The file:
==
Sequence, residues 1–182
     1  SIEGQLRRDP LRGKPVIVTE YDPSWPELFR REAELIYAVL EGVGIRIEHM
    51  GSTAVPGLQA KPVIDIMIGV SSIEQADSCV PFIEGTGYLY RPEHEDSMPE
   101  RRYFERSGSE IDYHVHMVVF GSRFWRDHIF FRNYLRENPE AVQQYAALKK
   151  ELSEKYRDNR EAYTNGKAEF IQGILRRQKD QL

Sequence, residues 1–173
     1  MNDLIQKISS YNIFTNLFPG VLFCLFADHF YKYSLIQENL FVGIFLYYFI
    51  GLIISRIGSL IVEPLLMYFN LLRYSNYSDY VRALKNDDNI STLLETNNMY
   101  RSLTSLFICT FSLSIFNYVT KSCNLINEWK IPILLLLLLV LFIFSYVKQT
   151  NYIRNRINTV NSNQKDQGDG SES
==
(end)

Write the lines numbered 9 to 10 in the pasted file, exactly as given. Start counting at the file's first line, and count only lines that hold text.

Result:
   101  RSLTSLFICT FSLSIFNYVT KSCNLINEWK IPILLLLLLV LFIFSYVKQT
   151  NYIRNRINTV NSNQKDQGDG SES